But where is the centre? As in all things philosophical, the centre is a relative concept. It needs two poles to place itself between, namely the left and the right.
Of course, elections aren’t only won from the centre. What Blair meant was: elections are won by pragmatists who understand credibility.
He’s right, of course, but Blairite and Cleggian pragmatism also helped shift the centre towards the right. Not everyone likes that. It puts things out of kilter. You don’t have to be a Trot to think it leads to some downright unpleasant consequences.
The movement you represent can only take so much of it. Hence the Jeremy Corbyn phenomenon.
Zizek notes this is an opportunity for what’s nostalgically termed the hard left to occupy the old centre ground. And Corbyn is leading a merry dance into this deserted liberal democrat land. See how happy this makes the troops.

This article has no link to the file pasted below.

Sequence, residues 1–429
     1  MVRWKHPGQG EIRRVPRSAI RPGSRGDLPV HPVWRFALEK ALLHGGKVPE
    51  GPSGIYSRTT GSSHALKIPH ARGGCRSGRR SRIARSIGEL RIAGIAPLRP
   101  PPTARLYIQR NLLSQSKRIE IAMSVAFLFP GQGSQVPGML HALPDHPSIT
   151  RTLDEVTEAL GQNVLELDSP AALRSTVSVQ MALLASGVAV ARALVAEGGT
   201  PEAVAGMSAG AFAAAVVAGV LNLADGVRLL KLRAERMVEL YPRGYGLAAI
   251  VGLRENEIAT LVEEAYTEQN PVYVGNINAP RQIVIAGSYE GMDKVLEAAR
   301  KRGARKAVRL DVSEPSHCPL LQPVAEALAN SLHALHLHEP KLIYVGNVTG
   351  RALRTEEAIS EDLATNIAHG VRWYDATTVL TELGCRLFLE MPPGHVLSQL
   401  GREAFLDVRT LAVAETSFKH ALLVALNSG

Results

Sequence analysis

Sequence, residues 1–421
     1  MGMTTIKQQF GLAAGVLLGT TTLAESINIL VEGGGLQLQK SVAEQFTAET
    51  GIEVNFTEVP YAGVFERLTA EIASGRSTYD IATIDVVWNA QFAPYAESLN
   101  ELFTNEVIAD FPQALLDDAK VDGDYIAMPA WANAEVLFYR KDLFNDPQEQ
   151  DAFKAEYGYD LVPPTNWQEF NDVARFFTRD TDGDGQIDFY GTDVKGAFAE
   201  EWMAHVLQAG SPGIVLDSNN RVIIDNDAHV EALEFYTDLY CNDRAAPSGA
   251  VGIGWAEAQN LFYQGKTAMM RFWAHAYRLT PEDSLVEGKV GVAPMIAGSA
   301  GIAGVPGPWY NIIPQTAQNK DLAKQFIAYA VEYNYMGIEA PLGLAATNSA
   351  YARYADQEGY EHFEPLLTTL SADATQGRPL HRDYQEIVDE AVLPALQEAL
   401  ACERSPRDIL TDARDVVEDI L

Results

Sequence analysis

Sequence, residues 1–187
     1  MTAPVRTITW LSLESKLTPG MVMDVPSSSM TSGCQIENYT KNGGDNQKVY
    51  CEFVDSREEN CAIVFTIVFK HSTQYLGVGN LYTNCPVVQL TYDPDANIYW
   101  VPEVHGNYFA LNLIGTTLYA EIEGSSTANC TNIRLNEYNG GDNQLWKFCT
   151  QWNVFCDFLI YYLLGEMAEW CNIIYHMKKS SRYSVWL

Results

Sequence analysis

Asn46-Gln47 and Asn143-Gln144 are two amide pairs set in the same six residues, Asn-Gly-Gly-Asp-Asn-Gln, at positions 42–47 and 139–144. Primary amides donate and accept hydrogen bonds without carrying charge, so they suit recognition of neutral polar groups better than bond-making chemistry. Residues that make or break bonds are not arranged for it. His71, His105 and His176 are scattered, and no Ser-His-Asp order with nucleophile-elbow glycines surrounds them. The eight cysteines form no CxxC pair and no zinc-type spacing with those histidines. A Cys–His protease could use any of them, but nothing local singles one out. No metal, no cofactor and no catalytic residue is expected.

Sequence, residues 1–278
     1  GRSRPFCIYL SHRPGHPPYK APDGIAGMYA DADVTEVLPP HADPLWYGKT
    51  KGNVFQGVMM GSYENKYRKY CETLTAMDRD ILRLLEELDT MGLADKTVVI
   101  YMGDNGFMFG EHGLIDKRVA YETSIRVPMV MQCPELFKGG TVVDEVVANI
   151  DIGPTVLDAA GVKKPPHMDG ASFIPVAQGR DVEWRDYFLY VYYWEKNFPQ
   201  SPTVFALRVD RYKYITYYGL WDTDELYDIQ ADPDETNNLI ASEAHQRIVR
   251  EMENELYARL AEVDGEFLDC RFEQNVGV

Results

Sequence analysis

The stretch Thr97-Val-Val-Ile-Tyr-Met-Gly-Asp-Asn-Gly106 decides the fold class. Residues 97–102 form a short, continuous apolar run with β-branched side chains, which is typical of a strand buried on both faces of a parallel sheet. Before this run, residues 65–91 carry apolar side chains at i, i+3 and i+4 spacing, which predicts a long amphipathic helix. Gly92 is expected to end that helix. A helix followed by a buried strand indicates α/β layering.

But beware: credibility and authenticity are not the same thing.
His opponents are panicking because they have absolutely no idea of how to respond – apart from moving deeper into the pragmatic right while mumbling a few compassionate words.
By definition mass electorates like things that come from the centre. Even the social democratic left, having shifted to the old centre right, could relearn this lesson.
The question is: can the centre be redefined? Or has it been destroyed? Is it merely rhetorical? That’s what a new Labour leader should explore.